Quiet and intense

Omicron breaks into China big cities including Beijing, Shanghai and Guangzhou, many hospitals and causes of widely reported, if not officially recorded, death. Small towns and rural areas where serious illness and death tend to be more prevalent due to lack of robust medical resources and advanced age are now being overtaken. Many provinces, including Zhejiang, Shandong and Hubei, are expecting the outbreak maximal later this month.

“There’s a lot of attention focused on how Beijing and Shanghai are struggling – as if they’ve seen the worst – but that’s really drowning out what’s going on in the lower-tier parts of the country,” said Chen Xi, is an associate professor specializing in aging and public health at Yale University.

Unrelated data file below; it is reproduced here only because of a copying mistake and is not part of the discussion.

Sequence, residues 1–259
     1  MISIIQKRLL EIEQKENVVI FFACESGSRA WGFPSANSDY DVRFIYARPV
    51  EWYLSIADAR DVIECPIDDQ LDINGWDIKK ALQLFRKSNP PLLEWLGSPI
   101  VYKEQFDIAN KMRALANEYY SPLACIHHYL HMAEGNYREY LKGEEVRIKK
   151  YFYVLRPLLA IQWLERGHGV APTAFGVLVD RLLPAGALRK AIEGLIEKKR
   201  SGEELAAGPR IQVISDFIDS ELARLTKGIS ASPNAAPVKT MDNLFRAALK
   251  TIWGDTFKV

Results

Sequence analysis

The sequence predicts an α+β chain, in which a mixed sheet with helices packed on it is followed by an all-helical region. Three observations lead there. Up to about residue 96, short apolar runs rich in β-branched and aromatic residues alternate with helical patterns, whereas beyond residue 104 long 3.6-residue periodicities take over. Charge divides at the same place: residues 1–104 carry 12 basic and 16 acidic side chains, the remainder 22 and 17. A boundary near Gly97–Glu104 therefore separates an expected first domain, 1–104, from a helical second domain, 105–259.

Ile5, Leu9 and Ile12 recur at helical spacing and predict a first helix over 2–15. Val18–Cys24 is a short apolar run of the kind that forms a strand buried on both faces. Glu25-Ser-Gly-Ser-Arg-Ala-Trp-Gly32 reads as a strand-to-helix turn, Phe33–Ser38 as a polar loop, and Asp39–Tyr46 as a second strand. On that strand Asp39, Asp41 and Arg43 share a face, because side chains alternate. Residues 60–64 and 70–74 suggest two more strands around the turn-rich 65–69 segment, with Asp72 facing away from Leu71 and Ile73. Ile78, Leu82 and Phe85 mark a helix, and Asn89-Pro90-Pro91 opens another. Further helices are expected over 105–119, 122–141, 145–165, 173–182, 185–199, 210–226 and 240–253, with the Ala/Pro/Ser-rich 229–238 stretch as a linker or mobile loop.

“The peak of infection and severe disease has not yet hit rural areas, and a big problem is waiting on the road,” Chen said, referring to the effect of the Lunar New Year travel on hearts.

Those regional hospitals and local clinics have little experience with Covid and don’t have much support. Medical supplies and emergency treatment facilities are scarce. By the end of 2020, there will be only 1.62 health care workers for every thousand people in rural China, compared to 2.9 doctors and 3.3 nurses in the country, strong evidence of the huge resource gap.